Effects of oxygen application prior to exercise on performance and regeneration C Özgürbüz, K Jung, N Teerfort Biol Sport 2004; 21(2):149-157 ICID: 891892
Article type: Original article
IC™ Value: 10.26
Abstract provided by Publisher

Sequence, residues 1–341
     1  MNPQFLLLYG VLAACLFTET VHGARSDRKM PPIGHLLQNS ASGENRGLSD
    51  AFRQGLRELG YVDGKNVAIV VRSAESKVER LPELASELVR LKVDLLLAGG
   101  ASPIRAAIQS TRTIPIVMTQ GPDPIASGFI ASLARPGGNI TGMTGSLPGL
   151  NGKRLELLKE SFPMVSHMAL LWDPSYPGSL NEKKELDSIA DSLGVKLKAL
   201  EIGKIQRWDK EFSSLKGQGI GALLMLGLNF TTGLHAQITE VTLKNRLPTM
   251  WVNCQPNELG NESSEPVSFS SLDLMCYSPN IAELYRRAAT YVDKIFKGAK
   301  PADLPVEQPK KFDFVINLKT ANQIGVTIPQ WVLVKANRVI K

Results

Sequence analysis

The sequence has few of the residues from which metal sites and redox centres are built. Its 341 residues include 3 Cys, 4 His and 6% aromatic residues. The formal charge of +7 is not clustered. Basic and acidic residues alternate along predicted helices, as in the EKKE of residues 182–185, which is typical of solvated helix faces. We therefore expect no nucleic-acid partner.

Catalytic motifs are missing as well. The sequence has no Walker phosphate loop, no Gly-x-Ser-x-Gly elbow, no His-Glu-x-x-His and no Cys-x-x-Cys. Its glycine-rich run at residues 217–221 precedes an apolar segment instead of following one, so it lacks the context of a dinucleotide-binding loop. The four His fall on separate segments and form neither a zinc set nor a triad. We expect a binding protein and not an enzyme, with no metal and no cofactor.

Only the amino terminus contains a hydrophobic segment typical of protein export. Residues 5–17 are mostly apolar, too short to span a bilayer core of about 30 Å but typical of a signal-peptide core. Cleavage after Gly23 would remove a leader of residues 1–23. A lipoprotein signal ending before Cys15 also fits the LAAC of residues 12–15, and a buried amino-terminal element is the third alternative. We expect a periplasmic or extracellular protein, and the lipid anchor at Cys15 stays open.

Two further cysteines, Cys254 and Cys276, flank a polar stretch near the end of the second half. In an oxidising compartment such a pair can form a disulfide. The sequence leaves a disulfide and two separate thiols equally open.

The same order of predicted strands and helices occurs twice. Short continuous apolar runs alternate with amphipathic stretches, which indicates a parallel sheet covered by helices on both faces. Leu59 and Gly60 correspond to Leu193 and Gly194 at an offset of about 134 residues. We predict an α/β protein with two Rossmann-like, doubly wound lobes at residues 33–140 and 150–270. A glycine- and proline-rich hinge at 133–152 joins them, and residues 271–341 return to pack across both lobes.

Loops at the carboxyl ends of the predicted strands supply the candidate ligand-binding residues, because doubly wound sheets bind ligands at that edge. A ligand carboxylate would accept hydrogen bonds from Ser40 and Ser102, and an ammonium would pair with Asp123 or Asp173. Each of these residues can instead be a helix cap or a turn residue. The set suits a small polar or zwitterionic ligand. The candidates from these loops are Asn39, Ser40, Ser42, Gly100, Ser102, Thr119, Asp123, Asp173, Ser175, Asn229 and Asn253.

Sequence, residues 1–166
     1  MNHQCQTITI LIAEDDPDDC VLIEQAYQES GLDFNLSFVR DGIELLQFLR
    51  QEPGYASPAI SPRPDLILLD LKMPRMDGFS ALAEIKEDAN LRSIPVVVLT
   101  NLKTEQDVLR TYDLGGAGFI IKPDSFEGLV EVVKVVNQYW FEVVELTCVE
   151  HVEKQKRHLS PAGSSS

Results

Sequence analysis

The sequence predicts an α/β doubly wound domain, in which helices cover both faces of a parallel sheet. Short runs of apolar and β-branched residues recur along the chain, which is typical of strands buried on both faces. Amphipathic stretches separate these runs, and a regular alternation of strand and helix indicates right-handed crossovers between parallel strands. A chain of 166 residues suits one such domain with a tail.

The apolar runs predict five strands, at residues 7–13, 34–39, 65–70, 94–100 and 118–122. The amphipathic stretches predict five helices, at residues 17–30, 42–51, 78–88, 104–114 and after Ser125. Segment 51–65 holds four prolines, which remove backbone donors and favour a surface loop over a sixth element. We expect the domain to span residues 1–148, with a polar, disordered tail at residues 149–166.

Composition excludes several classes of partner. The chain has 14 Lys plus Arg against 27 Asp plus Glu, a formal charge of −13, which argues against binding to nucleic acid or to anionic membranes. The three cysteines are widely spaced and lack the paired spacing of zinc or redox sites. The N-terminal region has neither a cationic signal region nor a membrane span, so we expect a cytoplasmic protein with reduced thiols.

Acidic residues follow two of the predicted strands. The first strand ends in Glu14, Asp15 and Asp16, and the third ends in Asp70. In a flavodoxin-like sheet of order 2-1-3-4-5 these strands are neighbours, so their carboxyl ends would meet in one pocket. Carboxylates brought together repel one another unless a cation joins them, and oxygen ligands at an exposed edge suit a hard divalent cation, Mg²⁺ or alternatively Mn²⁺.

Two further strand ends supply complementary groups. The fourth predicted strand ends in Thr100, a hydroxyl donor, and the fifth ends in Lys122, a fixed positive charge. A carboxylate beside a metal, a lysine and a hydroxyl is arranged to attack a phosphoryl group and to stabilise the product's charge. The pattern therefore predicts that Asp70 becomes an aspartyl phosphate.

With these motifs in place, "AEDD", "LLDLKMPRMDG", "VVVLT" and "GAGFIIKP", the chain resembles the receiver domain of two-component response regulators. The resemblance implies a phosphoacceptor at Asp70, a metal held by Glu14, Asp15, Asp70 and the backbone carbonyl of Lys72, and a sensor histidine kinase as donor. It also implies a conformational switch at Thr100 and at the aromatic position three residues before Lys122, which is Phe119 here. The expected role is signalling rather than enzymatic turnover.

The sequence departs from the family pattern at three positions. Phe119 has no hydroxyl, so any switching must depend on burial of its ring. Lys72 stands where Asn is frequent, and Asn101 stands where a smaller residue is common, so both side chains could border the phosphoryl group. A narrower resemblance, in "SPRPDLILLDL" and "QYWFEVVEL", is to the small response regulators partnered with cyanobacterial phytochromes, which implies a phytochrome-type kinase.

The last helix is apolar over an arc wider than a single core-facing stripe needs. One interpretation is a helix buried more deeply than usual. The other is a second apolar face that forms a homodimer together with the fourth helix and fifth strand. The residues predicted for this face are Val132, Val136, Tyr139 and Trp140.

Maximal oxygen consumption is an important performance criterion in endurance sports. Aerobic production is far more effective than the anaerobic one. Thus, to improve maxVO2 is one of the main aims of athletes involved in endurance oriented sports activities. For this purpose, beside training adaptations, to increase the O2 content of inspired air may be a theoretically effective means to possibly improve performance and regeneration. First semester physical education students (n=46: 19 females, 27 males) randomly performed two incremental bicycle ergometer tests 2-4 days apart, until subjective exhaustion. Ambient air alone was inhaled through a mask for 15 min until 10 min prior to one of the tests, and was enriched by 5 l•min-1 O2 in the other. A low intensity active regeneration of six min immediately followed the tests. VO2, Ve (min ventilation), heart rate, EqO2 (oxygen equivalence), power output, RQ at the anaerobic threshold; VO2, Ve, heart rate, EqO2, power output, RQ, pO2, pCO2, BE (base excess) and blood pH at exhaustion; heart rate, RQ, blood pH, creatine kinase, urea and lactate upon the regeneration period were compared. The statistical analysis of this prospective, randomised and single blind study was done using the Student t- and Kolmogorov-Smirnov tests. No statistically significant differences were found between any of the above-mentioned parameters. Performance and regeneration of the subjects were not statistically affected during the “prior O2 inhalation test” as described. Nevertheless, as minimal differences between elite athletes decide about success in competition, it might be worthwhile to further study the subjects, using different protocols.